Once we got settled in Sanger we arranged to meet Tim and Sherrie at The Oak Street Drafthouse in Denton. After a couple of drafts, we headed to Giuseppe’s Italian Restaurant. Situated in an historic Victorian house, the food, although good, took a backseat to the building.
The next day, Bill and I loaded our bikes on the truck and headed into Denton. We planned to ride the Denton KATY Trail, which runs along the old MKT rail bed, next to the current day Denton County Transit A-Train Line. We elected to ride the19 miles to Lewisville and then take the A-Train back.
The trail was paved and in very good condition. The only issues I had, were the lack of any informational or route signage and lack of restroom facilities. On the Lewisville end, it was not clear how to get to, our planned destination, Hebron Station, so we diverted to Old Town Station, which worked just fine.
That evening we offered to stop at a local BBQ place and pickup dinner and meet Tim and Sherrie at their place. The little town of Sanger has 3 BBQ joints to choose from. But the one with the best reviews was Bolivar Street BBQ. By the way, this is Texas, so I’m pretty sure it is Bolivar not Bolívar. We ordered brisket, Ribs and 2 cheese and jalapeño sausages, along with cowboy beans, green chile, green beans, green chile and chopped brisket Mac ‘n’ cheese and fried okra. It sounds like a lot of food, but we actually had very little left over. All of it good, but the standouts were the brisket and the Mac ‘n’ cheese. Both outstanding. Imagine eating brisket and not needing a knife: delicious tender slices you could cut with a fork. And, I could have made a meal of the Mac ‘n’ cheese. We had a nice dinner, sitting on the patio. With their four dogs, I was grateful to be outside and their shaded patio was quite comfortable. Bill even got in some trampoline fun with McKenzie, Tim and Sherrie’s granddaughter. But with the long drive the next day, we did not linger and headed back to Sanger.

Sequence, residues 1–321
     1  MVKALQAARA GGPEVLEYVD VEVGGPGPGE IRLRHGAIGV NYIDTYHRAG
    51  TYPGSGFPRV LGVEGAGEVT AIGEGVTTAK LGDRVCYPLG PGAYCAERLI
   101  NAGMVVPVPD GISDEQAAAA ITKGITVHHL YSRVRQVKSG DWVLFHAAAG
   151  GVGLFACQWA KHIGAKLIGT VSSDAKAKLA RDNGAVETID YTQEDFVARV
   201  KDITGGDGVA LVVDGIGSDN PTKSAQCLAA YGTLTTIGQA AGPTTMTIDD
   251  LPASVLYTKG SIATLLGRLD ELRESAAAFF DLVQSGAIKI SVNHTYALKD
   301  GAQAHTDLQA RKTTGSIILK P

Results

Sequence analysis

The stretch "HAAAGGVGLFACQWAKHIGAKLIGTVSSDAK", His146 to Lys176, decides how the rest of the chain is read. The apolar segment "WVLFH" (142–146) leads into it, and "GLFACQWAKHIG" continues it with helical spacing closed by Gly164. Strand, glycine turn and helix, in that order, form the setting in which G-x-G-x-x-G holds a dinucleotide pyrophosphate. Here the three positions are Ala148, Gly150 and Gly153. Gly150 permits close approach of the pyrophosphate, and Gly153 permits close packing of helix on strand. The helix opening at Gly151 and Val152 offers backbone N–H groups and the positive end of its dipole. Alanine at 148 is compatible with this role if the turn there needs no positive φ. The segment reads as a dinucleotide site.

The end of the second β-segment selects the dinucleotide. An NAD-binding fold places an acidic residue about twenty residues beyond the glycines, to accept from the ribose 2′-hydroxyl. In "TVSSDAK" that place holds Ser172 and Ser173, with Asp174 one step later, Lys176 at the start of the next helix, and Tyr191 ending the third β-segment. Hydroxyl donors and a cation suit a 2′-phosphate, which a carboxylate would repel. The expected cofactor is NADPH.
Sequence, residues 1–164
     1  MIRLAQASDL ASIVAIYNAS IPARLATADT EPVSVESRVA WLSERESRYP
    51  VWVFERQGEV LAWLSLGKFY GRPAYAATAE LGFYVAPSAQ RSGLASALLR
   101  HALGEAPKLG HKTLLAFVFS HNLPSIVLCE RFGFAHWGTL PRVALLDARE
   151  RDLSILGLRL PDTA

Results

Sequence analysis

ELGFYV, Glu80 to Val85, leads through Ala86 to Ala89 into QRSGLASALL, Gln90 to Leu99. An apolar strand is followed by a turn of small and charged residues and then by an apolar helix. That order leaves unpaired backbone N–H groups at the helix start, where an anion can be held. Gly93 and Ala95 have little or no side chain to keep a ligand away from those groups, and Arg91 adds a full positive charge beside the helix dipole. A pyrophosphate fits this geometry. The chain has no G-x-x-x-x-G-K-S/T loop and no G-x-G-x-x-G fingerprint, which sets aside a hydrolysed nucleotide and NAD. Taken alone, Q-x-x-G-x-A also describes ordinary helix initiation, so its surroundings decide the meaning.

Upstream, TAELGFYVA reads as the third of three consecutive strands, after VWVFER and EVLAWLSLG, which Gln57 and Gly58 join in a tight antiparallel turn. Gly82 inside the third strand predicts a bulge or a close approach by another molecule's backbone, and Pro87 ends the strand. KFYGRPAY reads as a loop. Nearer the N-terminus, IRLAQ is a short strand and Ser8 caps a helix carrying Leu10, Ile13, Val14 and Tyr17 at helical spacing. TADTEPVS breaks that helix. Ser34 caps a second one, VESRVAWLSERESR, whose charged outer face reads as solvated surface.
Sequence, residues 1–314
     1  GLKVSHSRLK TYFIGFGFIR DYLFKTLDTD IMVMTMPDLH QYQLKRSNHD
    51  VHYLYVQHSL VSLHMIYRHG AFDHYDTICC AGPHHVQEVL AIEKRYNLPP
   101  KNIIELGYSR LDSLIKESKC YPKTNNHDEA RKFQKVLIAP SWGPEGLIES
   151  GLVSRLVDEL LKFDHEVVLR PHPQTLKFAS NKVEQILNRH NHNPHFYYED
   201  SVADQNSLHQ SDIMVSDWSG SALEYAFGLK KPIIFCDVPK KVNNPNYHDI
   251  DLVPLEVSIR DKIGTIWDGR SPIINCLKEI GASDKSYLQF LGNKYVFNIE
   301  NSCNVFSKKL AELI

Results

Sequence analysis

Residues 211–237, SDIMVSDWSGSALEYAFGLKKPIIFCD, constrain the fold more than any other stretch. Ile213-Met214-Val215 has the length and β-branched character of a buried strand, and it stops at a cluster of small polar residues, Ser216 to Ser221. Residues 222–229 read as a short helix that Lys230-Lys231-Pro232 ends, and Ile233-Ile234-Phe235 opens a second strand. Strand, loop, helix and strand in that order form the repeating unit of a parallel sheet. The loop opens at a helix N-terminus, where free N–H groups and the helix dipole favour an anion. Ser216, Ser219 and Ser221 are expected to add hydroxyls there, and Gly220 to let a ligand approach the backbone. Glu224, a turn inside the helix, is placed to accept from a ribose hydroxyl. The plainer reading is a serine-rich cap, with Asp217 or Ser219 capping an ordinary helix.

The next day’s drive was to Midland for a quick overnight, then on the Hatch, NM. But before Hatch, we had an extra little stop. Instead of talking US 380 west from Denton until it met I-20, we headed a little north to Gainesville and then west on US-82. That route would take us through Muenster, a small town of 1400 residents, 90 percent are decended from the German Catholic founders. Keith and Joanette suggested we make time to visit Muenster. The town still celebrates its German heritage with an annual German Festival. You can still see buildings in German architectural styles and the very large market, given the population, reflects its German heritage and offers a variety of German sausages and cheeses. Bill and bought some of both, along with some German sauerkraut and potato salad.
Now on to Hatch. Hatch is famous for its chile. Red or green is the New Mexico State Question. Both red and green hatch chiles are the same pepper, just at a different ripeness. I had two goals for Hatch, first a green chile cheeseburger from Sparky’s.
And then the next morning, before heading to Tucson, we had Green Chile and bacon burritos. I had my green chile fix. Although, truth be told, I have several pounds of green chiles in my freezer at home, complements of Keith and Joanette.
Our final stop was near Tucson, Oro Valley to be precise, at Catalina State Park. Originally we had planned a two night stop here, with a long bike ride with our friend Andrew. But with the temps in excess of 110°, we cut it short and had a shorter, early morning ride with Andrew and a nosh at Brueggers Bagels before hitting the hot road home. We were back at the trailer before 9:30, with the temperature already at 95°. We were ready to be home.
The drive Tucson to Palm Springs is around six hours. With gas and food stops, we arrived home just before 5PM. We are home for about a month. On July 17th we head toward Montana and the Pacific Nothwest, for quality time with Keith and Joanette and far cooler temperatures than Palm Springs. Stay tuned for when we are On The Road Again!